A Fire-Resistant House Cuts a Striking Figure in the Australian Bush

A Fire-Resistant House Cuts a Striking Figure in the Australian Bush

By Lucy Wang
Close client-architect collaboration and bespoke elements give rise to a rugged, contemporary home for a Melbourne family seeking a slower pace of living.

By the time the client, Matt Somers, enlisted the help of Fitzroy–based Field Office Architecture to craft a spacious, three-bedroom, country abode for his family of four, he knew he wanted something bold and contemporary.

Instead of giving up the design reins, Matt worked closely with principal architect Chris Barnes to execute his vision for a modernist home that would make the most of its stunning, bushland views.

Nestled into the side of Mount Macedon, the home is on a remote site surrounded by nature, yet still within a commutable drive to Melbourne.

"At the very first briefing session, the client presented to us some very modernist images, including work by Mies van der Rohe," explains Chris. "It’s not every day the client hands you such an exciting brief, and we knew very early on that all parties were going to be on the same page."

Moreover, the client worked in an industry with access to bespoke cladding and building products, an advantage that Chris says "essentially gave us the opportunity to design many of the items we wanted from scratch."

"It was important to the owner as well that the site not be over-excavated, but rather emerge gently out of the existing landscape," explains Chris. "The elevated and light form essentially grew out of this."

Mirroring its long and narrow site, the 2,200-square-foot Mount Macedon House stretches north to south as a rectangular volume elevated on pillars to mitigate the steep, yet minimally excavated, slope.

The secluded and tranquil setting is a complete departure from the client's former home in an inner Melbourne suburb.

The Mount Macedon House is the first-ever building constructed on this site.

Spectacular views of the bushland to the north and northeast informed the interior layout. The living spaces are oriented towards the north and overlook views through glazed sliding doors, while the sleeping and study spaces are tucked into the more introverted, Cor-Ten-clad rear half of the home.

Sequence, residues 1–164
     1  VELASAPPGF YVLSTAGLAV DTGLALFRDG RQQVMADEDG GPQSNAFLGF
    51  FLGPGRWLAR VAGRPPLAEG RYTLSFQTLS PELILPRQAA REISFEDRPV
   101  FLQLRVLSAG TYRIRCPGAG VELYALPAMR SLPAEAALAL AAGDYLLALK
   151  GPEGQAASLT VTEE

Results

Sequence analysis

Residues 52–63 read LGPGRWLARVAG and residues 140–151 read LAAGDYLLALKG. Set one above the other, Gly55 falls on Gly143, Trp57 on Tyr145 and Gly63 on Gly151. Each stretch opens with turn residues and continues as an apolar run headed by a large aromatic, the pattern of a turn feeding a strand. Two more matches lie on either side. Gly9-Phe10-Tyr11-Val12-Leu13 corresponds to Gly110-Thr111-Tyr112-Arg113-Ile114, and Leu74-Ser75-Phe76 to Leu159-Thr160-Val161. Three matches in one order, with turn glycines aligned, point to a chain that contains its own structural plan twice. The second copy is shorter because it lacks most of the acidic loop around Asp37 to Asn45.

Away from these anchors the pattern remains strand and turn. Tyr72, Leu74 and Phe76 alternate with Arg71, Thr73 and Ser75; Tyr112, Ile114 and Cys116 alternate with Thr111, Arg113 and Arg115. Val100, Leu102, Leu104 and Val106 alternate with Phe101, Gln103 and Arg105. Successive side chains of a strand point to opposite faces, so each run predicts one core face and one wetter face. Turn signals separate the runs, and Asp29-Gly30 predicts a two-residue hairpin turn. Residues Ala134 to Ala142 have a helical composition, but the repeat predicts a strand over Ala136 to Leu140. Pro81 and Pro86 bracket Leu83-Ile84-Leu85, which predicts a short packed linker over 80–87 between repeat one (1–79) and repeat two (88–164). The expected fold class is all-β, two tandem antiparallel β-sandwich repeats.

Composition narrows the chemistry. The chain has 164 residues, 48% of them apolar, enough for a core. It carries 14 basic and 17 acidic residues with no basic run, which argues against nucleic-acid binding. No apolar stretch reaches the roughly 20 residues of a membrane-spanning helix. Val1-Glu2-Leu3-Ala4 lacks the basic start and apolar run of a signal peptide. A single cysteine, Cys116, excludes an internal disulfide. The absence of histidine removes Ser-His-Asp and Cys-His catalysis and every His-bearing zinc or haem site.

Capral 900 series aluminum-framed glazed sliding doors wrap around the living area to establish an indoor/outdoor connection.

Since the dwelling is located in an area considered very high risk for bush fire attacks, the material palette and footprint had been largely informed by stringent, BAL 40 requirements.

Bespoke Cor-Ten cladding wraps around the home to meet local bushfire regulations.

Outdoor stairs lead to an accessible rooftop deck that offers 360-degree views. Kliplock metal sheeting clads the roof.

The windows, for instance, needed to include full screens with an aperture no greater than a tenth of an inch. The solution came in the form of bespoke, hinged and perforated Cor-Ten-clad panels that can be remotely opened and closed as required.

Similar sliding screens are used for the living area glazing on the north side of the home.

A deep roof overhang creates a sheltered outdoor patio for enjoying north-facing views of the landscape.

The light-filled living area features Bluestone paving and polished plaster walls.

Chris concludes, "We expected that in designing our own cladding profiles and having them come to site that something would go wrong, but we were quite fortunate that it was incredibly smooth in the end!"

"Screening along the east provides some visual protection from the neighbouring properties whilst not compromising any of the views or natural light, which fills the living space and kitchen from morning until late afternoon," adds Chris.

Here's the floor plan of the fire-resistant home.

An elevation view of the Mount Macedon House.

Project Credits:

Architect of Record: Field Office Architecture

Builder/General Contractor: Seventy 7 Projects

Structural Engineer: Bruce Hollioake + Partners NA


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